Overnight, Take 2

Beans1Those fabulous beans that grew like crazy overnight are no more.  We think Jack broke a part of our invisible fence (fishing line) running into the garden and the deer found their way in.  They must have enjoyed them a lot.  In related news, the bugs destroyed our pumpkin plants so no pumpkin for me this year.   Dang it.


SourwoodOur sourwood trees are just starting to bloom.  No clue if we’ll get any sourwood honey this year.  We didn’t get any last year and folks are asking for it at the market.  Our spring honey is selling like crazy.  Someone who bought a quart this morning at the farmer’s market  just called and asked me to set aside 2 more quarts for him next week.  I’d call that a satisfied customer!

A Good Problem To Have

Tom1We are swimming in tomatoes!  I spent yesterday canning and have plans to make a tomato apple chutney and another batch of a tomato based chicken wing hot sauce today.

And Then There Were Two

Hens Our three little red hens are down to two.  We found one missing yesterday morning.  I am blaming the raccoon we let go free last week.   If we catch it again, I’ll shoot it myself.  We spent the afternoon replacing the back wall of the chicken barn.  It needed to be done, just happened sooner than later.  Originally built as a horse barn, it used to have a 5 inch opening at the roofline and a few rotting spots near the dirt.  We repurposed our old deck boards to make it secure.  Thankfully, everyone was accounted for this morning.


Playing With Clay

BowlHere’s one of the recent pieces I made in our studio, aka the mobile home we bought next door.  It’s thrown on the wheel.  Brian mixed up the glazes, I got the effect by dipping the piece in oatmeal colored glaze then dripping blue down the side using an eyedropper.  I think it kind of looks like a peacock feather.  We’re so busy lately, we haven’t been able to do much with clay.  Right now we’re focused on honey, wiring our new deck for electricity, canning, brakes for my car, securing our chicken barn and we’re swimming in tomatoes!  Not a bad problem to have.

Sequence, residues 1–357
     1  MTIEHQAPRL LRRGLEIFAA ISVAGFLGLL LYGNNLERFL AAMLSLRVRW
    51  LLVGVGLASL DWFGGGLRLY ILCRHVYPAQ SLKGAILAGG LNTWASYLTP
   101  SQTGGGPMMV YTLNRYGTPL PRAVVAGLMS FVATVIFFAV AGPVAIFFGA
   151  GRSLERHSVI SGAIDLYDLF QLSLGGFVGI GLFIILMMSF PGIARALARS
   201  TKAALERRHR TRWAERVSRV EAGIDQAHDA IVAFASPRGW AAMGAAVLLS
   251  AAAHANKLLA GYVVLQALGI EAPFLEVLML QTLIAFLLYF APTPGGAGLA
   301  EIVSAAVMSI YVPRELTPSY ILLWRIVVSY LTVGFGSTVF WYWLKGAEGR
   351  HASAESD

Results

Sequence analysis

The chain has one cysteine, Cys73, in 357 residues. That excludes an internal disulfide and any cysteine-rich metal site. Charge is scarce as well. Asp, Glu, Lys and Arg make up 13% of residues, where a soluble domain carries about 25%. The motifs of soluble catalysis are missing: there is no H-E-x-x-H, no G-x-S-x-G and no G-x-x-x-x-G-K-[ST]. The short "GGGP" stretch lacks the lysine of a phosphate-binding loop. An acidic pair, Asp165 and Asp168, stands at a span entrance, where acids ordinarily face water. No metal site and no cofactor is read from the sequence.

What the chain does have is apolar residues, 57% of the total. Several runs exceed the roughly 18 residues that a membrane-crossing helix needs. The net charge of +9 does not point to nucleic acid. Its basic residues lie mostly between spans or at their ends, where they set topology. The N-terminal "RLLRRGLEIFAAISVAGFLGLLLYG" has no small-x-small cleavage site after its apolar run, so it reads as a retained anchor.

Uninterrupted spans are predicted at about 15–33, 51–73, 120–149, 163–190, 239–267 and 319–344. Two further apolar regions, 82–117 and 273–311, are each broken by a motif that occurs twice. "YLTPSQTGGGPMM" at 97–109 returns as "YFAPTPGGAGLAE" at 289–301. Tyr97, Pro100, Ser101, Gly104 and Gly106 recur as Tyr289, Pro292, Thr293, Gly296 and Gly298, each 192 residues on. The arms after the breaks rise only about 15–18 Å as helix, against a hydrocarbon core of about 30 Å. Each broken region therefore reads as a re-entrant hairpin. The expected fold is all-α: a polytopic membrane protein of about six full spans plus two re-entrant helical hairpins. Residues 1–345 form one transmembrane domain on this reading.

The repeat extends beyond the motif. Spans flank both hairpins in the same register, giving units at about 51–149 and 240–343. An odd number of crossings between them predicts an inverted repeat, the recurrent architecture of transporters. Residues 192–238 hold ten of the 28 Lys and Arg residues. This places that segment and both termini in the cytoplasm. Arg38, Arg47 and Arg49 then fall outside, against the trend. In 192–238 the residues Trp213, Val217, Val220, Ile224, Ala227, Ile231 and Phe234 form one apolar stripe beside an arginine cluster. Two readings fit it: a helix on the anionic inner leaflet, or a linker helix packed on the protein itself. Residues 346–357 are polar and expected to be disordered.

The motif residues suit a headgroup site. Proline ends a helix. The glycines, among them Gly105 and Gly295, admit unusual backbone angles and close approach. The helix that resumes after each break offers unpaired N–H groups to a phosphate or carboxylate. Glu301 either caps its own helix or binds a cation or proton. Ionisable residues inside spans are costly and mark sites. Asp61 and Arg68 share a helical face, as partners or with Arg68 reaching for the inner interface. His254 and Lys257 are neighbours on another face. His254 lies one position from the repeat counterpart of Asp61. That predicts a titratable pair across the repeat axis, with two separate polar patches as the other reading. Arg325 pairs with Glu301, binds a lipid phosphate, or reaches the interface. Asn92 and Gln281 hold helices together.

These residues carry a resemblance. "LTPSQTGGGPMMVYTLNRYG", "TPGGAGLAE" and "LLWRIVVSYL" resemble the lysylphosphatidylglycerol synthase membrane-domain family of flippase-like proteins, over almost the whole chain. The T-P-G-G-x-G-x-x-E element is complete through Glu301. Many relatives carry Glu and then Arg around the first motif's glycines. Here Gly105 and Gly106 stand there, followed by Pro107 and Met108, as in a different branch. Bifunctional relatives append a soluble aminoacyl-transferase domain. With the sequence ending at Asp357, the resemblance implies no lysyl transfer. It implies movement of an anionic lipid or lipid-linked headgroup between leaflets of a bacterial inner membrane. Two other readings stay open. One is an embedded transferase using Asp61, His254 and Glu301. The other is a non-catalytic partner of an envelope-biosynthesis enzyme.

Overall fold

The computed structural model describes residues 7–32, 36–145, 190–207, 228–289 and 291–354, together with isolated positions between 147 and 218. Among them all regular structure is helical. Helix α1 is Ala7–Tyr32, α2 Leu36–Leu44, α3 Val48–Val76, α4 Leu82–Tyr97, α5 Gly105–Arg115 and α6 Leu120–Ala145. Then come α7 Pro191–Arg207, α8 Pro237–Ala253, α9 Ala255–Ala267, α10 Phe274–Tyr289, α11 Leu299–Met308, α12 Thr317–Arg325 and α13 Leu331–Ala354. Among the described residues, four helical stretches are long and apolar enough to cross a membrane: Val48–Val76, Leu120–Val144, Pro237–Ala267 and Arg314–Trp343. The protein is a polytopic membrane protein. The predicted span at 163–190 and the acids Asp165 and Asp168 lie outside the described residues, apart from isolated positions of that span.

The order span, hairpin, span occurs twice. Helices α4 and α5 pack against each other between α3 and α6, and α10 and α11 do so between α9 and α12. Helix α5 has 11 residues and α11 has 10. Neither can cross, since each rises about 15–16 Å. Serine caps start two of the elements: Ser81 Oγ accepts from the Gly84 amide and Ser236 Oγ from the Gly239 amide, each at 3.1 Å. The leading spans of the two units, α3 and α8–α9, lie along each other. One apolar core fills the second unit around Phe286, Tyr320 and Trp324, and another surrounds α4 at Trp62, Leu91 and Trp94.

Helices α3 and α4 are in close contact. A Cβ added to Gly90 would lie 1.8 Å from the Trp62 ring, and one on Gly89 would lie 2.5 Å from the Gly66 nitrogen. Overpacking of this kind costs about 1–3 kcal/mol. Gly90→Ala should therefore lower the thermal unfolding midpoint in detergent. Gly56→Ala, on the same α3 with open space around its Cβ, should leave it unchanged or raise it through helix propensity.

Farmer’s Breakfast

Farmer's BreakfastAs soon as our tomatoes start ripening, I bring them inside so the birds don’t get them.  Lots don’t make it into the house because they get into my tummy.  These are cherry tomatoes.  I’ve already roasted and frozen a few quarts for a taste of summer when it gets cold out.

That Didn’t Take Long


Coon2We caught our intruder.  He’s pretty cute.  After much debate, we decided to take him for a ride to the farthest part of our property, down by our stream.  We really wanted to take him further but it’s illegal in Virginia to make your nuisance animal problem someone else’s.   He reached out through the cage at me when I moved him to the Mule, which kind of freaked me out.  We rigged the release mechanism with a rope and stood on the back of the Mule in case he came out hostile.  He started up a tree at first, thought better about it, then swam away.  Who knew raccoons were such good swimmers?  We’re going to put the chicken food in a metal can overnight, at least until the barn gets better sealed.  There is always some large annoying project to do on the farm.


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